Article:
The earliest recorded evidence of the production of soap-like materials dates back to around 2800 BC in Ancient Babylon. In the reign of Nabonidus (556-539 BCE) a recipe for soap consisted of uhulu, cypress and sesame "for washing the stones for the servant girls". A formula for soap consisting of water, alkali, and cassia oil was written on a Babylonian clay tablet around 2200 BC.
The Ebers papyrus (Egypt, 1550 BC) indicates that ancient Egyptians bathed regularly and combined animal and vegetable oils with alkaline salts to create a soap-like substance. Egyptian documents mention that a soap-like substance was used in the preparation of wool for weaving.
The word sapo, Latin for soap, first appears in Pliny the Elder's Historia Naturalis, which discusses the manufacture of soap from tallow and ashes, but the only use he mentions for it is as a pomade for hair; he mentions rather disapprovingly that the men of the Gauls and Germans were more likely to use it than their female counterparts. Aretaeus of Cappadocia, writing in the first century AD, observes among "Celts, which are men called Gauls, those alkaline substances that are made into balls, called soap".
A popular belief encountered in some places claims that soap takes its name from a supposed Mount Sapo, where animal sacrifices were supposed to take place tallow from these sacrifices would then have mixed with ashes from fires associated with these sacrifices and with water to produce soap. But there is no evidence of a Mount Sapo within the Roman world and no evidence for the apocryphal story. The Latin word sapo simply means "soap"; it was likely borrowed from an early Germanic language and is cognate with Latin sebum, "tallow", which appears in Pliny the Elder's account.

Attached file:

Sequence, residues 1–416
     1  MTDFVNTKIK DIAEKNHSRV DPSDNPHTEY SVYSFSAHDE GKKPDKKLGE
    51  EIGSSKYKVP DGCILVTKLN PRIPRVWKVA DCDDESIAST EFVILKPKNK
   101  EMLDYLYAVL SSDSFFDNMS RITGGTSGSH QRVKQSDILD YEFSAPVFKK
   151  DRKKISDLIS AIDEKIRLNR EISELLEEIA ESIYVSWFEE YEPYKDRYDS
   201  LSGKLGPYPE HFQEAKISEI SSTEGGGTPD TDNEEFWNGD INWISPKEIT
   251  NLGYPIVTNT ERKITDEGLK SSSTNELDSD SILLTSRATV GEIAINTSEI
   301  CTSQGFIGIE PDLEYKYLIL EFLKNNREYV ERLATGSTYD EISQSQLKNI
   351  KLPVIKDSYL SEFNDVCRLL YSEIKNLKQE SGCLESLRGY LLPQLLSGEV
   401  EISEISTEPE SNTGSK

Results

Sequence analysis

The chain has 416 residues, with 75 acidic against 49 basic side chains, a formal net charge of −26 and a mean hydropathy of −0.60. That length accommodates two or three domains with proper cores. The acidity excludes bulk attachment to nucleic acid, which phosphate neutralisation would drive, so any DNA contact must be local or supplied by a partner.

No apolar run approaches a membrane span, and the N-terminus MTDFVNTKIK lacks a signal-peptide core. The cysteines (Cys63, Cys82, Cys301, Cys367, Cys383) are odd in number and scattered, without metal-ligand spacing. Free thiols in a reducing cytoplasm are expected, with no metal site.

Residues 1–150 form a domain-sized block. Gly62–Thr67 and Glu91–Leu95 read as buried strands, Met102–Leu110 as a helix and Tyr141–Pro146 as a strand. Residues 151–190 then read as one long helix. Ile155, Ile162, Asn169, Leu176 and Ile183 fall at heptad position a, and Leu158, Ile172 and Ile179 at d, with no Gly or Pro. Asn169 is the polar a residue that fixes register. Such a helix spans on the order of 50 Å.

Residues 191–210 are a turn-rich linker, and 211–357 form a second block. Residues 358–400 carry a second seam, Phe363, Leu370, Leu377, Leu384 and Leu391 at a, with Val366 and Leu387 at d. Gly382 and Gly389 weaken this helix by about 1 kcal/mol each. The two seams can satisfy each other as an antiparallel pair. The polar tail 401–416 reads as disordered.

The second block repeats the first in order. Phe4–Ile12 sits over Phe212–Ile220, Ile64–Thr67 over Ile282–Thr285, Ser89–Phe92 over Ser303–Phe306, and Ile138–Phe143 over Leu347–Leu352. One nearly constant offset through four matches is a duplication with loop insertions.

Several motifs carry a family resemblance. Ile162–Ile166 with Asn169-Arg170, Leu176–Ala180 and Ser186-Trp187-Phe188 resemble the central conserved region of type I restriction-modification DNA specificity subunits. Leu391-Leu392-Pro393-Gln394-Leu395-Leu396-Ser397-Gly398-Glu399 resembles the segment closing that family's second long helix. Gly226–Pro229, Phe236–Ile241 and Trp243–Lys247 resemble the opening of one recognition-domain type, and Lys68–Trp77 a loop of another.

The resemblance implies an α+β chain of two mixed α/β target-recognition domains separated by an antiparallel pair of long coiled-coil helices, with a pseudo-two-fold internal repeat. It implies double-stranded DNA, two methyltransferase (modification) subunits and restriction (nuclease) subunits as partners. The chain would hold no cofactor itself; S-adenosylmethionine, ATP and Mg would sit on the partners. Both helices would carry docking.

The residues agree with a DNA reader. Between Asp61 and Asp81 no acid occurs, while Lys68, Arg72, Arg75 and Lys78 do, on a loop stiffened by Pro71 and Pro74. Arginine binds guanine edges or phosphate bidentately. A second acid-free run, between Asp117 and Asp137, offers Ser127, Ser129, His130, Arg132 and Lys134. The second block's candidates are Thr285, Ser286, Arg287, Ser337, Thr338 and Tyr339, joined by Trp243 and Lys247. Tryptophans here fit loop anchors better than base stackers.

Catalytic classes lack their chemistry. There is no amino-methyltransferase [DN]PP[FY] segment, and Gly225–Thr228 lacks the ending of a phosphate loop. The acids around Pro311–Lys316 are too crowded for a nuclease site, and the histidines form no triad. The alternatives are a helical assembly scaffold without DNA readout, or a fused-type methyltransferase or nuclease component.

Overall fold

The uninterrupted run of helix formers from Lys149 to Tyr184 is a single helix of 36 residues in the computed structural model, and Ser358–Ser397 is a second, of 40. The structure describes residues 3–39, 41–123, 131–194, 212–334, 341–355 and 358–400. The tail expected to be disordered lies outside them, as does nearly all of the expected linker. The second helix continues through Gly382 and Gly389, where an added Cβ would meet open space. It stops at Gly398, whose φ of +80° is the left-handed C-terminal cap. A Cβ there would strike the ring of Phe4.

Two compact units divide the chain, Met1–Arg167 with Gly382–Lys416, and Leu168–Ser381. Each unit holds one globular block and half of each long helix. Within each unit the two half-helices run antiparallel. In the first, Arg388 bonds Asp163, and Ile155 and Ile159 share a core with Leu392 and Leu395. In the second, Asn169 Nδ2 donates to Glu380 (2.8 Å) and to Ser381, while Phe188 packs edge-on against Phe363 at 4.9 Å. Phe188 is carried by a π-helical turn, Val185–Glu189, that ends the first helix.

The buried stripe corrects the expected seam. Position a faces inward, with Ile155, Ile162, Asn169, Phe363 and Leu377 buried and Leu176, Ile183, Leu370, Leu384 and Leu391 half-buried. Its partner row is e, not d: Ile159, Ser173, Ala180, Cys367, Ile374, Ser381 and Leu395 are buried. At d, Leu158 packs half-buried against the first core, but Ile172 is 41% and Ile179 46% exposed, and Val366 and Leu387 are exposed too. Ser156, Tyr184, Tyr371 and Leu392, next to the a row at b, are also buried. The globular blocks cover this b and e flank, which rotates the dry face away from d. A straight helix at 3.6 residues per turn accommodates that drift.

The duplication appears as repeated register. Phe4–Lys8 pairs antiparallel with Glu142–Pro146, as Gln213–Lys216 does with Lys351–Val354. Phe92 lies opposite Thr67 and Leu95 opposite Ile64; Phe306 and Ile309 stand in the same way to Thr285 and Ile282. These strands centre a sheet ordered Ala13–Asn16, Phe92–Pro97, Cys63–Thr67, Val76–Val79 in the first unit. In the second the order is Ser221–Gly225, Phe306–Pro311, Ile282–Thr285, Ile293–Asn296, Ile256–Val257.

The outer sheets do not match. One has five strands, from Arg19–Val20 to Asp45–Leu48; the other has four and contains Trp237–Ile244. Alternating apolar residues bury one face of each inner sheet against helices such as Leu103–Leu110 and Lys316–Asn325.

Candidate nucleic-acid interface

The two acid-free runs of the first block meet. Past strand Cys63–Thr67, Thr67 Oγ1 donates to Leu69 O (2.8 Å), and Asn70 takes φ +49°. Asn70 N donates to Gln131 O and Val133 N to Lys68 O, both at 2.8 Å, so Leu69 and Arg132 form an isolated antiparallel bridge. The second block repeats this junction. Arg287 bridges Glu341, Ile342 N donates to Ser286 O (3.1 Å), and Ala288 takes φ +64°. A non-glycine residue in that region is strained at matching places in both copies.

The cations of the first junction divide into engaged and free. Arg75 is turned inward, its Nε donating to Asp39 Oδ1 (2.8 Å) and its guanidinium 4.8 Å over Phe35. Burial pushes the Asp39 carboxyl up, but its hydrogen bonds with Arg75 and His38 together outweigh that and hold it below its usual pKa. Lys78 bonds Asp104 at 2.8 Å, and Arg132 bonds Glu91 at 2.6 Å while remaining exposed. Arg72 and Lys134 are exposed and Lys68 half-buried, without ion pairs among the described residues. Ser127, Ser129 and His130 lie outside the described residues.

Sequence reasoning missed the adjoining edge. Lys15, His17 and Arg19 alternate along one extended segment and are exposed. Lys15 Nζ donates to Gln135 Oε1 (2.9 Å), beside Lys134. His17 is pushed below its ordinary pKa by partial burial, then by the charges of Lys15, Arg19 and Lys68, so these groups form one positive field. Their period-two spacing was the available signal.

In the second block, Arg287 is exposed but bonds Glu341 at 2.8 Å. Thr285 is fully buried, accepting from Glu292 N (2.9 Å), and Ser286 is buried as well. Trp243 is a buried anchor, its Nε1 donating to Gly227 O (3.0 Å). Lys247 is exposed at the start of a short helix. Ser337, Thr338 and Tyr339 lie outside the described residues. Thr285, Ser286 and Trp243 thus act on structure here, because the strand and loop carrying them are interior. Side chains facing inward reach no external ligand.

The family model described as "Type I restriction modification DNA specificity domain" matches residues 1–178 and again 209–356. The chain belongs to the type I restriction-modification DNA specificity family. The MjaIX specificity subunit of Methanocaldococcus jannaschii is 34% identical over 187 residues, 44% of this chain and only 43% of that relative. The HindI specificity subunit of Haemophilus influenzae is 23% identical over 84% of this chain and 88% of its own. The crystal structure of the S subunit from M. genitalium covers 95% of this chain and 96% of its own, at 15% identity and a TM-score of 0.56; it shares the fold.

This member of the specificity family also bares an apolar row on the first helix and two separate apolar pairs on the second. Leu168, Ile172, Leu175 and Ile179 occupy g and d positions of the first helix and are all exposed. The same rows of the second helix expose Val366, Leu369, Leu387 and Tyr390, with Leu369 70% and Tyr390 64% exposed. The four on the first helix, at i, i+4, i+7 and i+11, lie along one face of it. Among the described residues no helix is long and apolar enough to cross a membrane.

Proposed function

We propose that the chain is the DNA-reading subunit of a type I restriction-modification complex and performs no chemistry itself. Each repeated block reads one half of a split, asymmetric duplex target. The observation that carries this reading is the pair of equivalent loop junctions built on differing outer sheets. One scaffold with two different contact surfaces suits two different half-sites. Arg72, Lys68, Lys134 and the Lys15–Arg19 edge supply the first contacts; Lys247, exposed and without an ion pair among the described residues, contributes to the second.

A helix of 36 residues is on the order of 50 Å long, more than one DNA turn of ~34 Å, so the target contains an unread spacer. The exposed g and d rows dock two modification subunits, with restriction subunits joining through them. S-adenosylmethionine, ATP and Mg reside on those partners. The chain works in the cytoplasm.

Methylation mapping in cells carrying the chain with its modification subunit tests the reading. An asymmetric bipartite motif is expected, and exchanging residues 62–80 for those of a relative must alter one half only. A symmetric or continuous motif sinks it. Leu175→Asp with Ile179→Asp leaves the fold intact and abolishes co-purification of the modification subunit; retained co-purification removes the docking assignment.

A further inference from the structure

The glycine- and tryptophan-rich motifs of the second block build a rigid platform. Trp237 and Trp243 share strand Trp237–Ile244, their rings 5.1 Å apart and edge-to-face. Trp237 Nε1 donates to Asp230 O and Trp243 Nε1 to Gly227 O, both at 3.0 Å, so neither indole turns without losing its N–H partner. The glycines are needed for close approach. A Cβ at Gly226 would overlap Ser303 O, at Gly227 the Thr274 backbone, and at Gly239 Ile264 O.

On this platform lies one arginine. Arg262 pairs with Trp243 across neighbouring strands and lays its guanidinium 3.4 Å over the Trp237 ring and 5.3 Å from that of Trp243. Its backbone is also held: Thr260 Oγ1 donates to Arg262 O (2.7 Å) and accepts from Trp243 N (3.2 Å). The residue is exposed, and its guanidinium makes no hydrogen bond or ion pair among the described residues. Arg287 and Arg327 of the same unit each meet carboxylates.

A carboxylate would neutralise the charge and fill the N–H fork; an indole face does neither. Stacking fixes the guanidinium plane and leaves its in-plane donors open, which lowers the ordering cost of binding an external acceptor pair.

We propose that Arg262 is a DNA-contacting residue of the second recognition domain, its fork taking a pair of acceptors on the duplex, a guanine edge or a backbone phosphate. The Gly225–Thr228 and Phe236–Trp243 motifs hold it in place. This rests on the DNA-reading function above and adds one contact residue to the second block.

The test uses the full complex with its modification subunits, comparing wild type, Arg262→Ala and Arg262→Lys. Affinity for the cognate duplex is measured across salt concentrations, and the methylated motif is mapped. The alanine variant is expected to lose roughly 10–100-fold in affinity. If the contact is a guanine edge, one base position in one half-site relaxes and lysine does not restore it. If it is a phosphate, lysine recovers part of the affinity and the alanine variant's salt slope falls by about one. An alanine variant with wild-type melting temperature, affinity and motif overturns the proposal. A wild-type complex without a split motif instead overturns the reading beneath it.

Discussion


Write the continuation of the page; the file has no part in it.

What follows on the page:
Roman animal sacrifices usually burned only the bones and inedible entrails of the sacrificed animals; edible meat and fat from the sacrifices were taken by the humans rather than the gods.
Zosimos of Panopolis, ca. 300 AD, describes soap and soap making. Galen describes soap-making using lye and prescribes washing to carry away impurities from the body and clothes. According to Galen, the best soaps were German, and soaps from Gaul were second best. This is a reference to true soap in antiquity.
Solid soap was virtually unknown in northern Europe until the thirteenth century when it started being imported from Islamic Spain and North Africa. By that time the manufacture of soap in the Islamic world had become virtually industrialized, with sources in Fes, Damascus, and Aleppo. A 12th century Islamic document has the world's first extant description of the process of soap production. Mentioning the key ingredient, alkali, which later becomes crucial to modern chemistry, derived from al-qaly or "ashes".
Soap-makers in Naples were members of a guild in the late sixth century, and in the 8th century, soap-making was well known in Italy and Spain. The Carolingian capitulary De Villis, dating to around 800, representing the royal will of Charlemagne, mentions soap as being one of the products the stewards of royal estates are totally. Soap-making is mentioned both as "women's work" and as the produce of "good workmen" alongside other necessities such as the produce of carpenters, blacksmiths, and bakers.
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